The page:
Stabbing at quiet Heights library raises issues
By Raanan Geberer
Brooklyn Daily Eagle
A stabbing incident in the Brooklyn Heights branch of the Brooklyn Public Library on Tuesday night focused new attention on the ongoing issues of homeless people using the city’s libraries and people watching porn on library terminals.
According to the police department, around 7:22 p.m., police received a 911 call from the branch, at 280 Cadman Plaza West near Clinton Street, and found a 52-year-old man who had been stabbed in the torso.
According to the Daily News, a fight erupted when Ralph Neptune, 46, described as being homeless, accused the victim of watching porn on his computer terminal. Neptune was reportedly there with his wife.
After being stabbed, police told the Eagle, the victim was taken to Bellevue Hospital, where he reported to be in stable condition. Although his name had not yet been made public at press time, Leslie Lewis, criminal justice liaison for the Borough President’s Office, added that “he [the victim] was from Brooklyn, but not from the Downtown area.”
Neptune was charged with assault, criminal possession of a weapon, menacing and criminal possession of marijuana, police told the Eagle.
Asked whether the branch, in the middle of a quiet, low-crime area, had a history of low-level criminal incidents, Judy Stanton, executive director of the Brooklyn Heights Association, said, “certainly not.” Similarly, Lewis didn’t recall many such incidents in the borough’s libraries as a whole, although he added that such incidents “could happen in any place that is open to the public.”
Jason Carey, spokesperson for the Brooklyn Public Library system, said that because a criminal investigation is under way, he could not comment on this particular case. On the issue of homeless people using library branches, however, he said, “It’s not illegal to enter the library, and it’s not illegal to be homeless in this city.”
On the issue of people viewing porn, Carey added that if someone logs into a desktop user terminal with an adult library card, “They have a choice of whether they want to use filtered content or unfiltered content.” This, however, wouldn’t apply to people who bring their own laptops to the borough’s libraries.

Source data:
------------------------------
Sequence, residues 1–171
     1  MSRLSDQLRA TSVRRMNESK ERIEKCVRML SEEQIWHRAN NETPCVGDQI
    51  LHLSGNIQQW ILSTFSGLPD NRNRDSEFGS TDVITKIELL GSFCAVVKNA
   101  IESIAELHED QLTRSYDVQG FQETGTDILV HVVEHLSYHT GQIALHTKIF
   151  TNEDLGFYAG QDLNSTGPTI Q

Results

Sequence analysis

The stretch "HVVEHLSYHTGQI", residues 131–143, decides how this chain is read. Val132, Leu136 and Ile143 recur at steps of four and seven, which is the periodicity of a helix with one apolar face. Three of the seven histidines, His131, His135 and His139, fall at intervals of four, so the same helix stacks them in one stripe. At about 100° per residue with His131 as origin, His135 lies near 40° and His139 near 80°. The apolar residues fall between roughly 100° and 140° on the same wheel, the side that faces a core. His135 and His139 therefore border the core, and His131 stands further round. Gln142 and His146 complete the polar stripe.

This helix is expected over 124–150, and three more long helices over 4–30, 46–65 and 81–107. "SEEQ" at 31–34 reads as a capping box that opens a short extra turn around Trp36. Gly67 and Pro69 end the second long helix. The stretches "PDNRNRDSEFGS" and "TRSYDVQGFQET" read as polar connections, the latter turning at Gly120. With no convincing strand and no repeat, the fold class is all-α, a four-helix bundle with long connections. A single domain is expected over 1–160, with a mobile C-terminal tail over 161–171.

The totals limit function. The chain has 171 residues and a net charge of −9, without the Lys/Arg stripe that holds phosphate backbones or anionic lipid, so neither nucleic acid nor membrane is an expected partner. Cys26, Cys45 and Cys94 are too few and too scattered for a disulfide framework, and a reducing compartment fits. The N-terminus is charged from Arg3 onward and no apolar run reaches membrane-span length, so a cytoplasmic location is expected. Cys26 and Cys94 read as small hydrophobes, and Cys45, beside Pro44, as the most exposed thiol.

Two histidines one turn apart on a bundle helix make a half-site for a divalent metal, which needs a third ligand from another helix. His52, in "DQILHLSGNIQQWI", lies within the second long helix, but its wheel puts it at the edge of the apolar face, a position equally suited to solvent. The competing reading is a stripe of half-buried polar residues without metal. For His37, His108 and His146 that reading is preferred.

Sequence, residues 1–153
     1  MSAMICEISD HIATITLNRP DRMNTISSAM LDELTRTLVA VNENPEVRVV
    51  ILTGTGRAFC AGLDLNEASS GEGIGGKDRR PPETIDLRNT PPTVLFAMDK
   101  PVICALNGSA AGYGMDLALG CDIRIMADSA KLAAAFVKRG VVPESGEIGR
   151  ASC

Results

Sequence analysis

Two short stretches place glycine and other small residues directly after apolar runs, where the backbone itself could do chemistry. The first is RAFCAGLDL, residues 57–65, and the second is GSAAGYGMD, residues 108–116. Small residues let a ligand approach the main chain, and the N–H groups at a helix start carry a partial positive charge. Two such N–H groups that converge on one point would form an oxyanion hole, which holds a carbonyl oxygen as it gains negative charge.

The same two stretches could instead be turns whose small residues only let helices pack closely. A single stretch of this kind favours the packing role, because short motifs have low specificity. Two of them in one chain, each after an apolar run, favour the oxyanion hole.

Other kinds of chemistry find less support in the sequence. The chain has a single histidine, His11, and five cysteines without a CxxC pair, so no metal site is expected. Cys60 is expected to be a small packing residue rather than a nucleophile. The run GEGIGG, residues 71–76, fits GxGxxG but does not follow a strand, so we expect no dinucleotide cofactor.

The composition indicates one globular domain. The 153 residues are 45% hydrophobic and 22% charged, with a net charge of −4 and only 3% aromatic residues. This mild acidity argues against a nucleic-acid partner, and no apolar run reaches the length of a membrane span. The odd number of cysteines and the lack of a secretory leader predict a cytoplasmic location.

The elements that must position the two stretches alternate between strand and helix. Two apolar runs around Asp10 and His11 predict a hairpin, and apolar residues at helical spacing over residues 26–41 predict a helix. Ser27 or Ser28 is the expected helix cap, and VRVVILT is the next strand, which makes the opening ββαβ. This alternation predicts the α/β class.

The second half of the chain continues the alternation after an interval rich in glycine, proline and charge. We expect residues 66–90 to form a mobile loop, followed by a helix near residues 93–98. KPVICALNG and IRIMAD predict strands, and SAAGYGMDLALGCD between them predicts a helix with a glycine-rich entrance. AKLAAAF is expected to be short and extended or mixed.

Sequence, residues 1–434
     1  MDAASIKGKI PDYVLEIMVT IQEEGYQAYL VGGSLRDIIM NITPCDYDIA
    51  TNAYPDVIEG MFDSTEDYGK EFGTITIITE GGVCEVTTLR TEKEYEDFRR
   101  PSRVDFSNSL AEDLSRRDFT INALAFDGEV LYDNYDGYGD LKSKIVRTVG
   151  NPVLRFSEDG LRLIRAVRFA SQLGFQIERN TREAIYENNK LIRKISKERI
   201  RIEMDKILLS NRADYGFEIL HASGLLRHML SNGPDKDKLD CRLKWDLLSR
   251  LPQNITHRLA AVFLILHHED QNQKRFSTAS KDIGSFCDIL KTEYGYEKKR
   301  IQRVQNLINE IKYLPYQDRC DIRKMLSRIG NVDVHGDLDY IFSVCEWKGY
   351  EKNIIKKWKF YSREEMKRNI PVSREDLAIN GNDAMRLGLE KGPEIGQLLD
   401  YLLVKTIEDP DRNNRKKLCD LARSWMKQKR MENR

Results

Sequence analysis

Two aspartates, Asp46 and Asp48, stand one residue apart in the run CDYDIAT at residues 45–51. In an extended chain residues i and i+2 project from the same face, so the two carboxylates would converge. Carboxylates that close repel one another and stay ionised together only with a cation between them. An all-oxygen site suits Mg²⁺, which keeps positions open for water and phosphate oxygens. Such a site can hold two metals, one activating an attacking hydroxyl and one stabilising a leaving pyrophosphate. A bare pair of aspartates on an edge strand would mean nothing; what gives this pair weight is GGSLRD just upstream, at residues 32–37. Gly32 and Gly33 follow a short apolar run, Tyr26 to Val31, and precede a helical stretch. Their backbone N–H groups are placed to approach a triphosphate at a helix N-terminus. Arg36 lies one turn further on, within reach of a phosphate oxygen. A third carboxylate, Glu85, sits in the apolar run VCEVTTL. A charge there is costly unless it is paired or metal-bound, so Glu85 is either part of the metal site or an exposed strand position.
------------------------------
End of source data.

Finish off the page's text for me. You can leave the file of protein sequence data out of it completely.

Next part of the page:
Asked about security in the library branches, Carey said, “We have a full security detail” in the branches, who are charged with handling minor problems such as disputes between patrons. If an incident erupts into violence, they then can call the local police precincts.
This isn’t the first time someone has protested porn on library computer terminals. On April 25, 2011, the New York Post reported that a Brooklyn Central Library patron complained about sitting next to an elderly porn viewer. In the same article, Brooklyn Public Library spokeswoman Malika Granville was quoted as saying, "Customers can watch whatever they want on the computer."
Yesterday, an Eagle reporter visited the Brooklyn Heights Branch and saw no evidence of either homeless people or people watching porn. Although library staffers refused to answer questions about the stabbing incident, referring them to Carey, two uniformed library public safety officers – one of them a sergeant – were posted conspicuously near the front desk.
As for Neptune, a spokesman for the Kings County District Attorney’s Office told the Eagle he was still awaiting arraignment. At that time, he will likely be assigned or hire a lawyer.
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